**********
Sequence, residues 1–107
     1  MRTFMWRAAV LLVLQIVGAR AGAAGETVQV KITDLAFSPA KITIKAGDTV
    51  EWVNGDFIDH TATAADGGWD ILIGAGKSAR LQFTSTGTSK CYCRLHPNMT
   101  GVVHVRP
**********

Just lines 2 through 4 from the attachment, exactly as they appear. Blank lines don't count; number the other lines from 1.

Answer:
     1  MRTFMWRAAV LLVLQIVGAR AGAAGETVQV KITDLAFSPA KITIKAGDTV
    51  EWVNGDFIDH TATAADGGWD ILIGAGKSAR LQFTSTGTSK CYCRLHPNMT
   101  GVVHVRP